Dr M defensive over Mukhriz, BN’s losses

(The Malaysian Insider) – Tun Dr Mahathir Mohamad was in a rare defensive mode today, denying that he lobbied for his son's inclusion in the Cabinet and putting a positive spin on his own dismal performance in Bukit Gantang and Bukit Selambau.

It has been a tough 24 hours for the former prime minister following the sound defeats by BN candidates in the two constituencies where he worked the ground and made stump speeches.

But the next 24 hours will be a lot more pleasant for the man who has made it a vocation to end the career of Khairy Jamaluddin, the Umno Youth chief.

Government sources said that it is almost certain that Khairy's name will be missing from the list of minister or deputy minister named by Datuk Seri Najib Tun Razak tomorrow.

For the Prime Minister, the omission came down to one factor: who was more dangerous to alienate, Khairy or Dr Mahathir? The answer was a no-brainer.

Dr Mahathir, who blames Khairy for undermining his legacy and for being the power behind the throne during the Abdullah years, has been campaigning vigorously against his inclusion in the Cabinet, saying that he is corrupt.

The intensity of Dr Mahathir's attacks has given rise to speculation that he is actually angling for Najib to appoint Datuk Mukhriz Mahathir to the Cabinet.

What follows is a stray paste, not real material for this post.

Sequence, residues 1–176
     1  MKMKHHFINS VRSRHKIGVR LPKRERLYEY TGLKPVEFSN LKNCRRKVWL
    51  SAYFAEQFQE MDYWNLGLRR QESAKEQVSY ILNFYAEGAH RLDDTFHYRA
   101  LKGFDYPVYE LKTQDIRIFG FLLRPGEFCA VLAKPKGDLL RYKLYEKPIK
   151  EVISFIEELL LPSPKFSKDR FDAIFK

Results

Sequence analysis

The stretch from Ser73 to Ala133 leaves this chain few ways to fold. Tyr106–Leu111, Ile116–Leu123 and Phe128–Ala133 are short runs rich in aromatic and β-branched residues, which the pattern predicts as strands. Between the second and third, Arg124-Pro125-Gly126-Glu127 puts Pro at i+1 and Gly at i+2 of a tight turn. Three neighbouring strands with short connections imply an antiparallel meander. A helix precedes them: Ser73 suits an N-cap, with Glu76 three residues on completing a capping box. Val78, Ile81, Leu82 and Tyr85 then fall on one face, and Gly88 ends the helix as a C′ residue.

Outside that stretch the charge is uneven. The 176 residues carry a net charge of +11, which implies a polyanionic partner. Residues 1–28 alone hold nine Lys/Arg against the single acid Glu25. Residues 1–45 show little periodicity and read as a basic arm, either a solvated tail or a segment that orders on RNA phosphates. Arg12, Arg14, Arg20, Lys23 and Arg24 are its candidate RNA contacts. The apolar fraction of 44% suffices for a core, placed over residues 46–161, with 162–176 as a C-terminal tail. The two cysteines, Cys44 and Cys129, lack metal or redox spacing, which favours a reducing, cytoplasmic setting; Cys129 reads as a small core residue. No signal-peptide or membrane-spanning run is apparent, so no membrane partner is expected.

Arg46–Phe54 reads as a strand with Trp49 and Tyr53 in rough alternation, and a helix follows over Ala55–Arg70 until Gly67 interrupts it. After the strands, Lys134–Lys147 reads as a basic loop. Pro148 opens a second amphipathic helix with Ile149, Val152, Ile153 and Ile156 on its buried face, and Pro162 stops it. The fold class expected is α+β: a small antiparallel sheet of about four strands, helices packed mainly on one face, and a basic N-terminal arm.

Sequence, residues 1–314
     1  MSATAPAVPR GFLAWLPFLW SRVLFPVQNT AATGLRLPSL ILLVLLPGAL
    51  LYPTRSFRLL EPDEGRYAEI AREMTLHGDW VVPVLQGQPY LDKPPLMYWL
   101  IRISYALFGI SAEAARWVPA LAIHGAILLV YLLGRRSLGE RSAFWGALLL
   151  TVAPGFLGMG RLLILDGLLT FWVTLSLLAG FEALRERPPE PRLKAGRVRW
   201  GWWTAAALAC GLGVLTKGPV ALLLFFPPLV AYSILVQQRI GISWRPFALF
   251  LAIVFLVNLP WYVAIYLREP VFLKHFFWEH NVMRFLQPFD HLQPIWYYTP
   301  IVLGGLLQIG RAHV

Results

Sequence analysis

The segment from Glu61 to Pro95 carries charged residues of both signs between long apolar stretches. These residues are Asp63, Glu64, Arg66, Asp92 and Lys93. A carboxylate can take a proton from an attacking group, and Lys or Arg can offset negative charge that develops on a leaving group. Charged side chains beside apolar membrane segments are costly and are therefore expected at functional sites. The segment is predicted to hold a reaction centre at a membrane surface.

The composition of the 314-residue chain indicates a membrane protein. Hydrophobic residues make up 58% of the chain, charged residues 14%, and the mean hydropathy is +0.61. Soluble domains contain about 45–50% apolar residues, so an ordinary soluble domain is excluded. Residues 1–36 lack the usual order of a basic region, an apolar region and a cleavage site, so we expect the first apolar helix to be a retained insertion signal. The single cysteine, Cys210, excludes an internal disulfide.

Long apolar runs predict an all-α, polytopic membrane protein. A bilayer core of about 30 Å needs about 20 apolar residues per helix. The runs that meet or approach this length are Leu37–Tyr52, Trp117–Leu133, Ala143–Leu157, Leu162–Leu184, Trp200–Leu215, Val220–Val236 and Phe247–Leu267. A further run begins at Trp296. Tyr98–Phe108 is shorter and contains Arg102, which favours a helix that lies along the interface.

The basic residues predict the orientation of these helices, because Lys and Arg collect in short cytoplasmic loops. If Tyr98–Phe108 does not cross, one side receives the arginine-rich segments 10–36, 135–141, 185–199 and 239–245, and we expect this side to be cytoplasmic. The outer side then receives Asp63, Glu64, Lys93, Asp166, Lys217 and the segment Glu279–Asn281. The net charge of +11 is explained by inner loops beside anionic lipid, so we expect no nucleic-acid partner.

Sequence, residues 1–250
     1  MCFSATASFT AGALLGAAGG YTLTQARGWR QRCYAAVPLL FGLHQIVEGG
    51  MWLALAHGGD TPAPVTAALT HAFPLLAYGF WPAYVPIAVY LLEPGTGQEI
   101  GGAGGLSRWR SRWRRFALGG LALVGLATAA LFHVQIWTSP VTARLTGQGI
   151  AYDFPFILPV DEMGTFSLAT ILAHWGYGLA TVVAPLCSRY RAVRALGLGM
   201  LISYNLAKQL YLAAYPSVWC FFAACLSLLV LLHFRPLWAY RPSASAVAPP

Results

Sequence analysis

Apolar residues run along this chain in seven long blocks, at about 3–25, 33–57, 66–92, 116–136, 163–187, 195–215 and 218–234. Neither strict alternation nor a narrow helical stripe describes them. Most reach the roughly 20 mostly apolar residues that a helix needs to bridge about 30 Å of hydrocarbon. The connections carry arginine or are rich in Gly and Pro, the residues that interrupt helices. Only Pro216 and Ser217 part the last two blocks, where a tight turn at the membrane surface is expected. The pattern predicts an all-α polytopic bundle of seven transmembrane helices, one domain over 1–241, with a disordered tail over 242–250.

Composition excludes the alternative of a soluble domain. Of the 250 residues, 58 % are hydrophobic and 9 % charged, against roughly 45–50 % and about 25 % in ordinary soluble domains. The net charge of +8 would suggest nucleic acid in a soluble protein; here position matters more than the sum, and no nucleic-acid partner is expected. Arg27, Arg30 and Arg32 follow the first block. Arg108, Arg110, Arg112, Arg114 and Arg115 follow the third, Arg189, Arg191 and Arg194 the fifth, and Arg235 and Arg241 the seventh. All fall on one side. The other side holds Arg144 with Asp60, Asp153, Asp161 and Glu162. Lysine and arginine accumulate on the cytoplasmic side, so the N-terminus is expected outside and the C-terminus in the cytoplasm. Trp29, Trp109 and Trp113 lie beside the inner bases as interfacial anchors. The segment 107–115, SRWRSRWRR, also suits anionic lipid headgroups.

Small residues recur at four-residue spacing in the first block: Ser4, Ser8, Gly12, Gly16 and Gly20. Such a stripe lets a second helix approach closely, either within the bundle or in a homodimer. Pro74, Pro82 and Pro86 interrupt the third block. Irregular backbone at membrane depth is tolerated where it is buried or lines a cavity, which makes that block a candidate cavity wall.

Some political insiders believe that he has considerable influence over  tomorrow's line-up.

Today, he denied that he was brokering a deal for Mukhriz's inclusion.

At a press conference, he said that he was not the sort of person who went to bat on behalf of his son.

But he continued to apply pressure on Najib not to appoint Khairy who was warned by Umno's disciplinary board for alleged money politics.

"If he is appointed, it would bring bad omen to BN as he has already been found guilty of corruption (by the party disciplinary board)," he said.

He was dismissive of those who claimed that he was a factor behind the bigger wins by Pakatan Rakyat in Bukit Gantang and Bukit Selambau by-elections.

The former prime minister was trotted out at the secret weapon and BN leaders predicted that his return to Umno would galvanise the party and help the ruling coalition win over fence sitter voters.

Instead, anecdotal evidence suggests that many voters were put off by what they felt was a return of a leader who played a key role in developing the divide and rule style of politics here.

Careful not to apportion any blame to himself he said that the results of the by-elections showed that Najib and the BN had some way to go before reconnecting with the public.

"There are a lot of things that BN must do before the next general elections. It is difficult to change the people's minds. Najib must be firm in healing the image of BN, especially Umno," Dr Mahathir said.

He said a lack of development and rampant corruption exacerbated people's dissatisfaction with the government.

"People are unhappy to see that after almost six years, there is not much development and we don't know who got the government contracts. Many of the small- and medium-scale industries cannot survive," he added.

He also dismissed the idea that the Malays had kept faith with BN.

"If the Malays didn't vote for PKR in Bukit Selambau, PKR would not have won. The Indians are the minority there; they could not have won. If you add the Indian votes to the Chinese votes, they still could not win. The fact is many of the Malay voters gave their votes to PKR. It shows there are Malays who are dissatisfied with the government," he said.